Black Holes Might Cause Spaghettification

There are many causes of death that use big, hard-to-understand words, like aneurism or spontaneous combustion. Here's one that tells you all you need to know: spaghettification. It's what many scientists think happens to objects inside of a black hole: basically, they get stretched into spaghetti.

Event Horizon, Al Dente

Nobody has ever seen a black hole, much less something going into one, but scientists are pretty sure they know what would happen if you fell in. As you got closer to the black hole, there would be a point of no return—that's called the event horizon, the boundary that you can only escape if you travel faster than the speed of light. Theoretically, as you traveled further into the black hole, tidal forces would increase and make you stretch. If you were traveling feet first, you'd experience greater gravitational forces on your feet than on your head. As your feet accelerated faster than the top of your body, you would stretch and stretch. Of course, the human body isn't made of rubber, so that stretching would have a limit. When the forces became too great, you'd just break in half—only to have the process begin again on each half.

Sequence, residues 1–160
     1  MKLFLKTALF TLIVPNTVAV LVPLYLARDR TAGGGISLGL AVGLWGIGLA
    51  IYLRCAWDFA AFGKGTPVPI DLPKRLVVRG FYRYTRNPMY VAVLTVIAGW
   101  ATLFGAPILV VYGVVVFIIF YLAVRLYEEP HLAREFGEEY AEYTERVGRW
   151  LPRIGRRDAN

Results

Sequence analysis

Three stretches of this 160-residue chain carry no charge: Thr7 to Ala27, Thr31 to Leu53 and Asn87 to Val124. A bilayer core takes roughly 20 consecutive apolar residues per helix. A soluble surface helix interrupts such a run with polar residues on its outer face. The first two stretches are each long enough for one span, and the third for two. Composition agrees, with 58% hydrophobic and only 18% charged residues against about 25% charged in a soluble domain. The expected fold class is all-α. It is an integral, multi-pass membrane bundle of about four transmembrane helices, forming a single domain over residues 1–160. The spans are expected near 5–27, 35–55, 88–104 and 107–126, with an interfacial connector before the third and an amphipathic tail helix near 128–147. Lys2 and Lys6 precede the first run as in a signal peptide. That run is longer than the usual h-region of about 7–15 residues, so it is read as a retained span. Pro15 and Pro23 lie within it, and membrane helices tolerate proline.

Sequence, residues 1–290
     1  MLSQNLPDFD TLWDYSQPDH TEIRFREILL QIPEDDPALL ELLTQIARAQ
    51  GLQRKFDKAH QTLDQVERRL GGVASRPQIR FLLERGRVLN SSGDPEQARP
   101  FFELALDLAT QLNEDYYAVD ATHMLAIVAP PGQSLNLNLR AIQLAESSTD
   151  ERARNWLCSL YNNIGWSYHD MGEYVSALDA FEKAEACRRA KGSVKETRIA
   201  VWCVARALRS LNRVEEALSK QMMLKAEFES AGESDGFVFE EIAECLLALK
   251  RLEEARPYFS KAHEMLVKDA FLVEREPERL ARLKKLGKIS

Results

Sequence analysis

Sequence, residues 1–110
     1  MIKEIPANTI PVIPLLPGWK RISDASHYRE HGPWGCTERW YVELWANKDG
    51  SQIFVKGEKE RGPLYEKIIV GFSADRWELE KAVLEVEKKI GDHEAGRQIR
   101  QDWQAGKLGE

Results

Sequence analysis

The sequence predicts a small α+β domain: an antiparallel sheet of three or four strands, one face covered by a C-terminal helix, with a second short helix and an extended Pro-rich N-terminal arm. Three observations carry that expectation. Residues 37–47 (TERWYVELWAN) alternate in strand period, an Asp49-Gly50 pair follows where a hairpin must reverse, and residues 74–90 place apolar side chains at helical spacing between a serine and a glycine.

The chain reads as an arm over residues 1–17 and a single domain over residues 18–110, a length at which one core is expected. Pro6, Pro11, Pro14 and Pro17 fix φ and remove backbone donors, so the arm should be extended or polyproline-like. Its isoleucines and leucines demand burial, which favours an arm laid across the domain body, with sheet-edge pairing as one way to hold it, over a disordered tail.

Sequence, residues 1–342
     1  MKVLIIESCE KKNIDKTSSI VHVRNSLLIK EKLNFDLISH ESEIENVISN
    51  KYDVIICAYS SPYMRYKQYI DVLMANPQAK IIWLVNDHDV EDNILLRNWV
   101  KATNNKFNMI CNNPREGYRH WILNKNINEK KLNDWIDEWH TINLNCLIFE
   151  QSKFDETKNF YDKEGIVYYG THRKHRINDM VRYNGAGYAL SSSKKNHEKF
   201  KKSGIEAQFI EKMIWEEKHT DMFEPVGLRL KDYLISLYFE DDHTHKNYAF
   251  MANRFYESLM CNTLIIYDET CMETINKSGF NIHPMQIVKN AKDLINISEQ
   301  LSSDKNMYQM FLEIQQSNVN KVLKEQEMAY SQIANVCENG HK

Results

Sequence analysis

The Controversy

According to scientists like Albert Einstein, your spaghettified remains would stay trapped in the black hole, stretching and stretching until they were nothing but individual atoms. But not all scientists agree with this. In the 1970s, Stephen Hawking said that black holes slowly evaporate, making everything inside of them disappear. More recently, physicist Joe Polchinski and his colleagues theorized that there was no "inside" to a black hole at all. Instead, it's just a rip in the fabric of the universe. And you, you unlucky thing? "You just come to the end of space, and there's nothing beyond it. Terminated," Stanford physicist Leonard Susskind told NPR. Either way, it doesn't sound like a fun way to go.

Is there something you're curious about? Send us a note or email us at editors (at) And follow Curiosity on Facebook, Instagram and Twitter.

Written by Ashley Hamer May 15, 2017

Curiosity uses cookies to improve site performance, for analytics and for advertising. By continuing to use our site, you accept our use of cookies, our Privacy Policy and Terms of Use.